Fishing the Pre-Spawn and Spawn

Pre-spawn Lake Comedero bass[Editor: this article first appeared on www.ronsfishingblog and may only be used by permission of Ron Speed]

Today I am going to talk about fishing the pre-spawn & spawn and use Mexico this season as an example. The spawn is one of the easiest times to catch bass because they are up shallow and will strike an artificial lure from both hunger and to protect the nest.

J.W Peterson of Dallas has taken a big group of fishermen to Lake Comedero each year for the past 10 years and they fish the spawn in both January and February over the full moons. JW just returned from Comedero and Salto last night. He called the office this morning and said this was the absolute best trip in all the years he has been going to these two lakes. His group caught over 3500 bass with 20 bass over 10 pounds. The #1 bait was a white spinnerbait which is an easy bait to fish as you just throw it into shallow water and reel it back.

On the 27th Terry and Sandy Russell from Texas caught 117 bass with a 12.3 pound bass from Comedero. Nearly all boats had over 100 bass per day and almost all had over 100 bass per day per boat with almost everyone catching a trophy bass.

The group was doing a 4-day combo, fishing both Comedero and El Salto. On January 31, JW and Jaime Beach caught 120 bass with a 12lb, 11.8lb, and two 10 lb bass. Just think about those numbers and the trophys all in one day. On Feb. 2 they had 75 bass on TOP WATER (chug bugs) with a 10.2, 9.8 and a 9.2. That’s fantastic topwater fishing. JW said there were several 12 lb fish caught while he was at El Salto.

This group was fishing pre-spawn as the bass have not spawned yet which means this year we will have actual spawns in February and in March. Things are running about 1 month behind normal for western Mexico.

In the year 2000 I took a group of friends to Comedero in mid-December to fish the pre-spawn. We made an agreement that we would only fish topwaters. We held a tournament where we would weigh in 5 bass per day but could only weigh 1 fish at a time. So when you caught a big bass you had to quit fishing and return to the dock and weigh the fish and turn it loose. You could then return for another big bass. We were going to fish 5 days but we caught so many bass we were worn out after 4 days. We caught 27 bass over 10 pounds with a 14.4 pound bass being the largest. On the last day I and my partner were leading the pack at lunch. However at the end of the day we got beat by Terry Burghart & Skeeter Joe Solice by 8 ounces. Their 5 fish weighed 51 pounds and our 5 fish weighed 50 pounds 8 ounces. That’s an average of 10 pounds per fish, all on topwaters.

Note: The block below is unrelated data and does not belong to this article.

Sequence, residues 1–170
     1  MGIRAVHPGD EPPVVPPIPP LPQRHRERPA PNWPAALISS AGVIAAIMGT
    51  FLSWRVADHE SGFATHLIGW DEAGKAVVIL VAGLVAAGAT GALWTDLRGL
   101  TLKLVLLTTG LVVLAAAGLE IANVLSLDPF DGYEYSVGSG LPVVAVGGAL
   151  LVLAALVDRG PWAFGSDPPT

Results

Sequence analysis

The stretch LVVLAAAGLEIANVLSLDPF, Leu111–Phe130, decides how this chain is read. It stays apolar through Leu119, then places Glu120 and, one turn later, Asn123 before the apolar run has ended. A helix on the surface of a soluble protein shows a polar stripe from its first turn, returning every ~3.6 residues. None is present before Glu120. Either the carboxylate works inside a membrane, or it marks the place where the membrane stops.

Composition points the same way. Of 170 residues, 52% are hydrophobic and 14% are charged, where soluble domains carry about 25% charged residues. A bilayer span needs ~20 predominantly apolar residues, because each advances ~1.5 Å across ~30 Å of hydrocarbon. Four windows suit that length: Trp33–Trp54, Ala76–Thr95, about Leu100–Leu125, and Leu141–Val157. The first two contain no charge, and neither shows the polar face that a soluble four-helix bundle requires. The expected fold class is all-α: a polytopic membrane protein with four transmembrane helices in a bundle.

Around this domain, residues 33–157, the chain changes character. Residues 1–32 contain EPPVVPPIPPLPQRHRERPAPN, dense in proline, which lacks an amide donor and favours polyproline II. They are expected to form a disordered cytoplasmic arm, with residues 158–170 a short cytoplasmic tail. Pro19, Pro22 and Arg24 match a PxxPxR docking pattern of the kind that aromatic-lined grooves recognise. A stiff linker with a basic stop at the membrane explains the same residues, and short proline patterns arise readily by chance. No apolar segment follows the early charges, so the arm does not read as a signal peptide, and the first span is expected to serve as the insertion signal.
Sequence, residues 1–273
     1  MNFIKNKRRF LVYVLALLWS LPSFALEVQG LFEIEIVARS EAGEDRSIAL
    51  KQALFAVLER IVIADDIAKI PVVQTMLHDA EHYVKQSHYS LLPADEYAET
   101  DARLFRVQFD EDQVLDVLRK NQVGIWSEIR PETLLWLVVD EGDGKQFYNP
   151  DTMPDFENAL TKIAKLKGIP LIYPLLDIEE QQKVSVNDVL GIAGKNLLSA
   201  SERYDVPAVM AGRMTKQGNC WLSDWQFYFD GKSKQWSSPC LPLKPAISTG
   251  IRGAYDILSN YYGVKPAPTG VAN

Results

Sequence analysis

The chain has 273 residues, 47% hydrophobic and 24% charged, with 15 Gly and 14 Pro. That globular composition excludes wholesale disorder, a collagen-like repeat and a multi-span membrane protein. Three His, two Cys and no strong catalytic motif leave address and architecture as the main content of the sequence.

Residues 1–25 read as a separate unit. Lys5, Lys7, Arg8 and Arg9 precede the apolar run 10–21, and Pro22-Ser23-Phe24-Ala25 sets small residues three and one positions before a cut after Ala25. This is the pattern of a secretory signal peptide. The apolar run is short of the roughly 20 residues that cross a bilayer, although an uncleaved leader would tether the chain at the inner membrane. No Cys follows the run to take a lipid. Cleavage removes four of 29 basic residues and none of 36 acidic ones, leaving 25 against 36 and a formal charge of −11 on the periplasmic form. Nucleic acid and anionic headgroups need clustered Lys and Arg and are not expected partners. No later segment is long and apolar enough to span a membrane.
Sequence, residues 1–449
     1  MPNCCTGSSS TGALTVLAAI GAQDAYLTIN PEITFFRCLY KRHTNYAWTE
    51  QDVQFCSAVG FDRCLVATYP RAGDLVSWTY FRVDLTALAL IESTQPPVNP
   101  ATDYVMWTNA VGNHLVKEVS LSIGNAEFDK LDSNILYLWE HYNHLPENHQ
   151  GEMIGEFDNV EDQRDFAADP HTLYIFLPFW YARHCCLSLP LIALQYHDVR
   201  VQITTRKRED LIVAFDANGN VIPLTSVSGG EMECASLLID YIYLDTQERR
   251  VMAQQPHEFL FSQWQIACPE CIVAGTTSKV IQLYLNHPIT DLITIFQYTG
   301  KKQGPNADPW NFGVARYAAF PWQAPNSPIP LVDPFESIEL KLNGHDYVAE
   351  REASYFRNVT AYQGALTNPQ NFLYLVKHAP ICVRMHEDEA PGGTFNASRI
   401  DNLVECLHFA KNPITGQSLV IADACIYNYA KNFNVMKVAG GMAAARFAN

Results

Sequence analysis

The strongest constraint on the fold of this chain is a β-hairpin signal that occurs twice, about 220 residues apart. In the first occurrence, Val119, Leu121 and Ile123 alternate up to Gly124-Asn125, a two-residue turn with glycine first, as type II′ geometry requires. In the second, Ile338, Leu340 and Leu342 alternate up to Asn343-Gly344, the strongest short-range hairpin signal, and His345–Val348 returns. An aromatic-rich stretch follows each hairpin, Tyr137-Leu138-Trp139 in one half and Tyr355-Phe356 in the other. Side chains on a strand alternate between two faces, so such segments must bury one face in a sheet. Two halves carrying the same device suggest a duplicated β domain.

Fishing pre-spawn and spawn can be great, but if you happen to miss by fishing between spawns you will only catch small male bass in shallow water. Therefore you will have to position the boat in shallow water and throw out into deeper water to get the big females that are staging in tops of trees waiting to move up shallow to spawn.

Here in Texas our pre-spawn starts most years in late February with the small male bass coming shallow to begin making nests for the females. If water temps are in the 60- to 65-degrees range in late March you will see the big females move in to start the spawning process. Not all females will spawn at the same time so the process will drag out through April as well.

I much prefer to fish the pre-spawn myself. but the actual spawn can also be great.


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